right brain

(redirected from right-brain)
Also found in: Dictionary, Thesaurus.

right brain

n.
The cerebral hemisphere to the right of the corpus callosum, controlling activities on the left side of the body and, in humans, usually controlling perception of spatial and nonverbal concepts.
References in periodicals archive ?
(8.) Martha Beck, "Creativity Boost: How to Tap into the Right-Brain Thinking," Oprah.com; http://www.oprah.com/spirit/How-to-Tap-into-the-Right-Side-of-Your-Brain-Martha-Beck-Advice (accessed May 16, 2014).
These findings demonstrate the role of right-brain insight in systems thinking.
While he always had some left-brain material ready in case of emergency (i.e., an audience filled with physicians), George was obviously most comfortable with his right-brain talk.
Unfortunately for right-brained learners, modern society and learning institutions tend to favor left-brain modes of thinking that focus on logical thinking, analysis, and accuracy, while downplaying the right-brain modes of thinking that focus on aesthetics, feeling, and creativity.
Yet to be effective, managers need right-brain choreography skills to instill the right chemistry and promote the collaboration necessary for any supply chain initiative to succeed.
And that means, again, as I said, that the left-brain abilities are still essential, they're just not enough, and the right-brain abilities are the ones that really matter most.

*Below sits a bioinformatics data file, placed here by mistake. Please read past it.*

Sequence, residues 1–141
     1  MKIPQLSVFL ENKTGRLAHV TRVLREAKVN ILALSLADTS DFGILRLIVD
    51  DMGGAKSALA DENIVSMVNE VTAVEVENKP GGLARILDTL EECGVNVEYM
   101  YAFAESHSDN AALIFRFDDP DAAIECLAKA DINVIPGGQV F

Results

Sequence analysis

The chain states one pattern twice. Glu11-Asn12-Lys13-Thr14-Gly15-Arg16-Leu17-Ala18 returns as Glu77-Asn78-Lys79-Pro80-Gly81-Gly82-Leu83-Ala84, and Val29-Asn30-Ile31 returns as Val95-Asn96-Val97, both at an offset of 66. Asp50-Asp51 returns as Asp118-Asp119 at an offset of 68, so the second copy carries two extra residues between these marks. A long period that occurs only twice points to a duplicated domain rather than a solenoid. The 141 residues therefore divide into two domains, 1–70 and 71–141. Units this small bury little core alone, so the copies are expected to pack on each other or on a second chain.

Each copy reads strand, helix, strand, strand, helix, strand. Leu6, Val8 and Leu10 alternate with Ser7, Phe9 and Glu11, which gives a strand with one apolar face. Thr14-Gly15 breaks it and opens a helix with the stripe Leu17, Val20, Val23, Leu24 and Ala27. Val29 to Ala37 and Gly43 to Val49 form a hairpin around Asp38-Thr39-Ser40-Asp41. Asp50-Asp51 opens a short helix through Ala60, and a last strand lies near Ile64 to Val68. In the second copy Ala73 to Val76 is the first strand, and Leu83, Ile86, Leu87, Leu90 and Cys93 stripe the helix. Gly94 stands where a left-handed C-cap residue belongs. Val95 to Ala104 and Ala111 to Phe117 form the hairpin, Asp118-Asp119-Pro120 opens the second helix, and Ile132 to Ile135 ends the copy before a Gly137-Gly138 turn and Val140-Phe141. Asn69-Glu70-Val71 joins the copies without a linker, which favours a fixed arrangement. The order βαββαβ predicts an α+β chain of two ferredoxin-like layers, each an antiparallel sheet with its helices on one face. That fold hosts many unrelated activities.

It will be interesting to see if and how this shift from a world economy dominated by left-brainers really does give way to right-brain hegemony.
"'Left-brain' dominance is giving way to a new world in which artistic and holistic right-brain abilities mark the fault line between who gets ahead and who falls behind," Pink writes.
People who suddenly ignore everything to their left after suffering a right-brain stroke display disturbed activity in uninjured parts of a widespread neural network associated with attention, a new brain-scan study indicates.
To succeed in the Conceptual Age, he maintains, workers will have to develop their right-brain, creative aptitudes to supplement their left-brain, logical skills.
As I evaluate and use information products and services, one thing I look for is evidence of right-brain thinking--in products and services offered as well as in companies' marketing and communications approaches.